The loss of any life is devastating, but the loss of life due to suicide is exceptionally saddening.
Suicide is the primary cause of mortality for Australians aged 15 to 44, taking the lives of almost nine people daily. According to some estimates, suicide attempts happen up to 30 times more often than fatalities.
“Suicide has large effects when it happens. It impacts many people and has far-reaching consequences for family, friends, and communities,” says Karen Kusuma, a University of New South Wales Ph.D. candidate in psychiatry at the Black Dog Institute, who investigates suicide prevention in adolescents.
Recent research conducted by Ms. Kusuma and a group of scientists from the Black Dog Institute and the Centre for Big Data Research in Health investigated the evidence supporting machine learning models’ ability to predict potential suicidal behaviors and thoughts. They evaluated the efficacy of 54 machine learning algorithms that were previously created by researchers to predict suicide-related outcomes of ideation, attempt, and death.
The meta-analysis, published in the Journal of Psychiatric Research, found that machine learning models outperformed conventional risk prediction models in predicting suicide-related outcomes, which had traditionally performed poorly.
“Overall, the findings show there is a preliminary but compelling evidence base that machine learning can be used to predict future suicide-related outcomes with very good performance,” Ms Kusuma says.
In order to prevent and manage suicidal behaviors, it is crucial to identify those who are at risk of suicide. However, predicting risk is challenging.
In emergency departments (EDs), doctors often employ risk assessment tools, such as questionnaires and rating scales, to pinpoint patients who are at a high risk of suicide. Evidence, however, indicates that they are ineffective in accurately determining suicide risk in practice.
“While there are some common factors shown to be associated with suicide attempts, what the risks look like for one person may look very different in another,” Ms. Kusuma says. “But suicide is complex, with many dynamic factors that make it difficult to assess a risk profile using this assessment process.”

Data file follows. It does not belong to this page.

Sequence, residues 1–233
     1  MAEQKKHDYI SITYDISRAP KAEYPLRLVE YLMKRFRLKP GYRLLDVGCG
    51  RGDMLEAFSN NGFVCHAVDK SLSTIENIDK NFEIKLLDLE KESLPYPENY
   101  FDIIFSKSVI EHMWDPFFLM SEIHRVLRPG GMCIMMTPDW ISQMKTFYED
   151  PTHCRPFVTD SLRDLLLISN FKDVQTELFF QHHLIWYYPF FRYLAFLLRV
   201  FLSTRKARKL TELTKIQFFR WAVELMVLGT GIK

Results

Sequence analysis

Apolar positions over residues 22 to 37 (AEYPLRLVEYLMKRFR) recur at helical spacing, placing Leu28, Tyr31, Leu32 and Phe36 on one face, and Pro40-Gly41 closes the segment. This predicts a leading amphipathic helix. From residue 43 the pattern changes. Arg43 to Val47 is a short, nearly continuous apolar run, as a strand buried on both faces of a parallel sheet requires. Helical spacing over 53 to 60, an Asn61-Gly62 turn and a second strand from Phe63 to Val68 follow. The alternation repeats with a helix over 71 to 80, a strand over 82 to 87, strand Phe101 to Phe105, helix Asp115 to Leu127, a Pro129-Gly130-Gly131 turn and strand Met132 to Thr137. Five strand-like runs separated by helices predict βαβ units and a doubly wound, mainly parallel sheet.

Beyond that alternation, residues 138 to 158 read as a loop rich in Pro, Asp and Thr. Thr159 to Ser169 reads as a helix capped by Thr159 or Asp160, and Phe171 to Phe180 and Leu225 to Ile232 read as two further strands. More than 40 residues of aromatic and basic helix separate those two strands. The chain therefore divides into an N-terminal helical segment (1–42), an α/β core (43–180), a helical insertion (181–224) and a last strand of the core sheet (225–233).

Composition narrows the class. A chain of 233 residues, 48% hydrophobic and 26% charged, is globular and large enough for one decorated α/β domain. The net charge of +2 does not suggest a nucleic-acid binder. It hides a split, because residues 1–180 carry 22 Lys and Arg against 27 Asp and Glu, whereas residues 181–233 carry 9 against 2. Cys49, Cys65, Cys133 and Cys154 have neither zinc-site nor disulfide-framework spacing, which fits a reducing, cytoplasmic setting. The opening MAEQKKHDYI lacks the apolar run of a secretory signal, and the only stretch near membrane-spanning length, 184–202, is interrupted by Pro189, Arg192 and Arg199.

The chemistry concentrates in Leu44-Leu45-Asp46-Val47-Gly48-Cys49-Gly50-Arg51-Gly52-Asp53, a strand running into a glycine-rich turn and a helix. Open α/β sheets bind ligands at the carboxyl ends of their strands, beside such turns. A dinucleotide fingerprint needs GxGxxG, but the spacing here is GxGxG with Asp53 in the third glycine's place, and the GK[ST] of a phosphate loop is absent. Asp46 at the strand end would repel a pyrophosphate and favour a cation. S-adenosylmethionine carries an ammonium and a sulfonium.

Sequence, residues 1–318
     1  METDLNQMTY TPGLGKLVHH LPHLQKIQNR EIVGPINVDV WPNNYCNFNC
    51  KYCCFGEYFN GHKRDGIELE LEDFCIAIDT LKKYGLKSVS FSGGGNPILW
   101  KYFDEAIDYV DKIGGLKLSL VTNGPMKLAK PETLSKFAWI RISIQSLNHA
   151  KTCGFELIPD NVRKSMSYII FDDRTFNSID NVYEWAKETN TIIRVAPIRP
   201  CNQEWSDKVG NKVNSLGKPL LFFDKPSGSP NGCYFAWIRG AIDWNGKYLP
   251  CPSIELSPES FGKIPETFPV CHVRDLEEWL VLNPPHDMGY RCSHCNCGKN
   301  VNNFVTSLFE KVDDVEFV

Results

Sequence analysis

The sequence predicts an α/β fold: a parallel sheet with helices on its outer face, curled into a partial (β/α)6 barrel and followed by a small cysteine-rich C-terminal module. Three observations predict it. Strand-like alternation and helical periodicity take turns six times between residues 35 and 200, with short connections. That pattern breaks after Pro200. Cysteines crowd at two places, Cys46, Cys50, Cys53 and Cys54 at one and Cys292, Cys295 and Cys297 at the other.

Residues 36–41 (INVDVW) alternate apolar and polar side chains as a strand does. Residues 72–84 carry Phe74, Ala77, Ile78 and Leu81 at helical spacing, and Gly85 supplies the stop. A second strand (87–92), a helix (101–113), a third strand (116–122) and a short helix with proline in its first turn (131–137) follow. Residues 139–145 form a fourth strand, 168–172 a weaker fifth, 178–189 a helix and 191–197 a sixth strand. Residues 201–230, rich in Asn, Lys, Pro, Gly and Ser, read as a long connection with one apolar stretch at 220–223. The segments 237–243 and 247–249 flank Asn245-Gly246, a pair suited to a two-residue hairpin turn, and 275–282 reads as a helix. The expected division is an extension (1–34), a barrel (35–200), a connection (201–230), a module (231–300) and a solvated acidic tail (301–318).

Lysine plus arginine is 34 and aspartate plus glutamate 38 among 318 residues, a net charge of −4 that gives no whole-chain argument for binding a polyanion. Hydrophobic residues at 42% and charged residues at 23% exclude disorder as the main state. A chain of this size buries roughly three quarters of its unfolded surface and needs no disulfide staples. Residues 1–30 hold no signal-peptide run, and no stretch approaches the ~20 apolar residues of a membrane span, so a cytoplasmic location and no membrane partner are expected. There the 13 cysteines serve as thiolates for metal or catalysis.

A post-mortem analysis of people who died by suicide in Queensland found, of those who received a formal suicide risk assessment, 75 percent were classified as low risk, and none was classified as high risk. Previous research examining the past 50 years of quantitative suicide risk prediction models also found they were only slightly better than chance in predicting future suicide risk.
“Suicide is a leading cause of years of life lost in many parts of the world, including Australia. But the way suicide risk assessment is done hasn’t developed recently, and we haven’t seen substantial decreases in suicide deaths. In some years, we’ve seen increases,” Ms. Kusuma says.
Despite the shortage of evidence in favor of traditional suicide risk assessments, their administration remains a standard practice in healthcare settings to determine a patient’s level of care and support. Those identified as having a high risk typically receive the highest level of care, while those identified as low risk are discharged.
“Using this approach, unfortunately, the high-level interventions aren’t being given to the people who really need help. So we must look to reform the process and explore ways we can improve suicide prevention,” Ms. Kusuma says.
Ms. Kusuma says there is a need for more innovation in suicidology and a re-evaluation of standard suicide risk prediction models. Efforts to improve risk prediction have led to her research using artificial intelligence (AI) to develop suicide risk algorithms.
“Having AI that could take in a lot more data than a clinician would be able to better recognize which patterns are associated with suicide risk,” Ms. Kusuma says.
In the meta-analysis study, machine learning models outperformed the benchmarks set previously by traditional clinical, theoretical and statistical suicide risk prediction models. They correctly predicted 66 percent of people who would experience a suicide outcome and correctly predicted 87 percent of people who would not experience a suicide outcome.
“Machine learning models can predict suicide deaths well relative to traditional prediction models and could become an efficient and effective alternative to conventional risk assessments,” Ms. Kusuma says.
The strict assumptions of traditional statistical models do not bind machine learning models. Instead, they can be flexibly applied to large datasets to model complex relationships between many risk factors and suicidal outcomes. They can also incorporate responsive data sources, including social media, to identify peaks of suicide risk and flag times when interventions are most needed.
“Over time, machine learning models could be configured to take in more complex and larger data to better identify patterns associated with suicide risk,” Ms. Kusuma says.
The use of machine learning algorithms to predict suicide-related outcomes is still an emerging research area, with 80 percent of the identified studies published in the past five years. Ms. Kusuma says future research will also help address the risk of aggregation bias found in algorithmic models to date.
“More research is necessary to improve and validate these algorithms, which will then help progress the application of machine learning in suicidology,” Ms. Kusuma says. “While we’re still a way off implementation in a clinical setting, research suggests this is a promising avenue for improving suicide risk screening accuracy in the future.”
Reference: “The performance of machine learning models in predicting suicidal ideation, attempts, and deaths: A meta-analysis and systematic review” by Karen Kusuma, Mark Larsen, Juan C. Quiroz, Malcolm Gillies, Alexander Burnett, Jiahui Qian and Michelle Torok, 29 September 2022, Journal of Psychiatric Research.